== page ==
Olympian with no sponsors worked at supermarket to fund her Tokyo 2020 dream
From talking to customers to taking on Tokyo - Riley Day is a true Olympic icon.
Australian Olympian Riley Day is exactly what people mean when they refer to grass-roots sports. She flew to Tokyo 2020 with no corporate sponsors to fund her expenses, pay for coaches, and finance expenditures that all athletes have to account for when fighting to compete.
Day worked at Woolworths for three years, where she saved every pay check to fund her Olympics campaign. Though the 21-year-old didn't qualify for the final, her story has inspired legions of fans and sparked a loyal social media following.
While speaking to Channel 7's Bruce McAvaney, she screamed 'holy s**t' into the microphone when discussing her performance.
"That was a much better race than this morning. I've got my groove. Now I hope it's the fastest heat so I can get in the final. Because that is a massive PB. That's awesome," she said.
"I want to be the best and nothing is going to stop me from being the best."
"I mean, if you do want to follow my story, my Instagram is _rileyday, that is where I post most of my stuff," she said. "So, if you want to follow along, that is where it is."
As a result, Day tripled her Instagram following.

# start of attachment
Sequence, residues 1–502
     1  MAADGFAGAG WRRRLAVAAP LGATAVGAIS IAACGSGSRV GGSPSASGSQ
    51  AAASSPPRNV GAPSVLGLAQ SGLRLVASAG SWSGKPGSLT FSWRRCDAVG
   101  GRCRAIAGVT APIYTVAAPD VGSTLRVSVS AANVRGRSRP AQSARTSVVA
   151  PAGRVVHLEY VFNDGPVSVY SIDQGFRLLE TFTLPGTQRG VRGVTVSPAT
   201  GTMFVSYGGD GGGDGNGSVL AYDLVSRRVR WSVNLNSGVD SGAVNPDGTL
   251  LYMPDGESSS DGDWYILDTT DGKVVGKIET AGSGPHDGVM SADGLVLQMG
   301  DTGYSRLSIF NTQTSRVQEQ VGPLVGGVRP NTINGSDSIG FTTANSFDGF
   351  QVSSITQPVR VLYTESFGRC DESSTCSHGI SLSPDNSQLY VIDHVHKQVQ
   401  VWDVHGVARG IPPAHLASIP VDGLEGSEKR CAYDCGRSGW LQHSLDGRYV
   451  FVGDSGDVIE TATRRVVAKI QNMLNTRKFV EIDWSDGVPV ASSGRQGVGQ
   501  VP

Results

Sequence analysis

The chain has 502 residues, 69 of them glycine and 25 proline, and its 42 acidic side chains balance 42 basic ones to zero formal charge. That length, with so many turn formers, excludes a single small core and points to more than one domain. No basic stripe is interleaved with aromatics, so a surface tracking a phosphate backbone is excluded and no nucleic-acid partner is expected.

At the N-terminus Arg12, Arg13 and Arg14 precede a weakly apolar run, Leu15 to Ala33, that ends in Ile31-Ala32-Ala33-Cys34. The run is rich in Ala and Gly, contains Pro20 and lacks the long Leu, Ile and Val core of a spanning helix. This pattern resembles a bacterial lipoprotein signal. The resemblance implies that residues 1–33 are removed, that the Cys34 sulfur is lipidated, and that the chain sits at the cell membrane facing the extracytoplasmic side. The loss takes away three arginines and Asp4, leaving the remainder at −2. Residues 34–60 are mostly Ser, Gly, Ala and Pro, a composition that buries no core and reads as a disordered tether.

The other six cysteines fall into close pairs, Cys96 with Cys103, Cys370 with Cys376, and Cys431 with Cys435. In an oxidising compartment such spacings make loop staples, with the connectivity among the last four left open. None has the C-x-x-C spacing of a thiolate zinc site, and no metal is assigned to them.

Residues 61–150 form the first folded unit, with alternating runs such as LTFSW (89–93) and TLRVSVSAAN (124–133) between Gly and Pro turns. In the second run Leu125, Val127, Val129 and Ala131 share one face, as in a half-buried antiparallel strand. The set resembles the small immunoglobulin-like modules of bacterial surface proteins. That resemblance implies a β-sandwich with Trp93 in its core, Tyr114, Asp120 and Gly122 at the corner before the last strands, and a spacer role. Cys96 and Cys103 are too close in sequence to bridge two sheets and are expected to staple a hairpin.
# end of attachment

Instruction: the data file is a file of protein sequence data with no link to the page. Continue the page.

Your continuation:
"C'mon Australia, get behind this young lady!" said Channel 7's Jason Richardson.
"I'm going to embarrass you, we want Australia to start supporting you. You're working at Woolies in the produce section. I know you do the shopping for John who's 90 and he can't see, and you do that every week. You've got a big heart, you don't have a sponsor."
Her workplace also shared an endearing message on LinkedIn: "Our very own team member, Riley Day, is proudly representing Australia at the Tokyo Olympics. We’ll be cheering her on in the 200-meter sprint today.
"Riley is an adored team member of our Beaudesert store in regional Queensland and is known for going the extra mile for our customers. For the past 18 months, she’s helped 90-year-old local John (pictured with Riley), who is visually impaired, with his weekly shop. She’s even memorised his grocery list and calls him on Sundays if he doesn’t turn up for his weekly shop.
"When the ambitious 21-year-old, nicknamed the “Beaudesert Bullet” is not replenishing stock or helping our customers, she’s working tirelessly on the track, training for at least three hours a day, six days a week.
"We’re proud to see one of our team members represent Australia on the world stage. Good luck Riley, we can’t wait to see you on the track!"